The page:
Date of Award
Master of Science (MS)
Tn today's ever changing sociopolitical world, the influences of multimedia healthcare and its potential impact on patient safety has become a national issue. Healthcare facilities often have policies or guidelines regarding the use of devices that may create distractions in the operating room (OR). With changes in technology and ever changing societal trends these distractions must be addressed to find out what is clinically acceptable nurse anesthesia practice. The purpose of this independent project is to identify common OR distractions and study their effects on anesthesia provider vigilance. The focus of the project will be on smartphone/computer use, reading, and music during the maintenance phase of anesthesia. An extensive review of the literature was completed utilizing the University of North Dakota (UND) Harley E. French Library of the Health Sciences website for all pertinent literature. Utilizing the Cochrane Collaboration, PubMecl, CINAHL, and Scopus databases, a search of all articles relevant to the project were sought. The importance of anesthesia provider vigilance and its impact on patient safety is a multifaceted paradigm with countless group and individual variations. The diversity of these factors accounts for the variability amongst the research. It is expected that this information will help anesthesia providers identify which distracters may reduce vigilance and should be avoided; therefore, resulting in improved safety and patient outcome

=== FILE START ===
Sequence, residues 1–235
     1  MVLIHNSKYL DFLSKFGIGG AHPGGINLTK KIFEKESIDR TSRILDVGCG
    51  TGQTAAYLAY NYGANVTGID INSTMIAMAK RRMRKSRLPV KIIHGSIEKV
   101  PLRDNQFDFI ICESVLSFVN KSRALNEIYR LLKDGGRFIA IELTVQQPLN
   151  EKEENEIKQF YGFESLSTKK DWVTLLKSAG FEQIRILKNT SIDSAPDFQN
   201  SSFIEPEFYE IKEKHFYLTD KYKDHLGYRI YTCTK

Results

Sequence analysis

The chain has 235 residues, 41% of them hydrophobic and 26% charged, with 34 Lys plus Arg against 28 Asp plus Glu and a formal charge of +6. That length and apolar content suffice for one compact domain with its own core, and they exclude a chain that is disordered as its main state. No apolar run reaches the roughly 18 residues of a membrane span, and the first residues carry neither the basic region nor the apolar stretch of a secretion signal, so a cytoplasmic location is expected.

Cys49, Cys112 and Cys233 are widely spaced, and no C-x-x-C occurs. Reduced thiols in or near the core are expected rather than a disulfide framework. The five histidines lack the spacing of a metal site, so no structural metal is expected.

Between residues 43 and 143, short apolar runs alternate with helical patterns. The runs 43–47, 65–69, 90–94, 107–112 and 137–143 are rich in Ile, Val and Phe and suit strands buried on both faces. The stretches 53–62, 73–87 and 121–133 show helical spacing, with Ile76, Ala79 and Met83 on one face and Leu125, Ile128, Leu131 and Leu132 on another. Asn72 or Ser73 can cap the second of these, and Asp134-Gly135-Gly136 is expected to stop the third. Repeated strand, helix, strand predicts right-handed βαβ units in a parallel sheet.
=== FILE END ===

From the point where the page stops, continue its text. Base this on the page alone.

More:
Horner, Bradley, "Anesthesia Delivery: Patient Safety Related to Distractions in the Operating Room" (2012). Theses and Dissertations. 4830.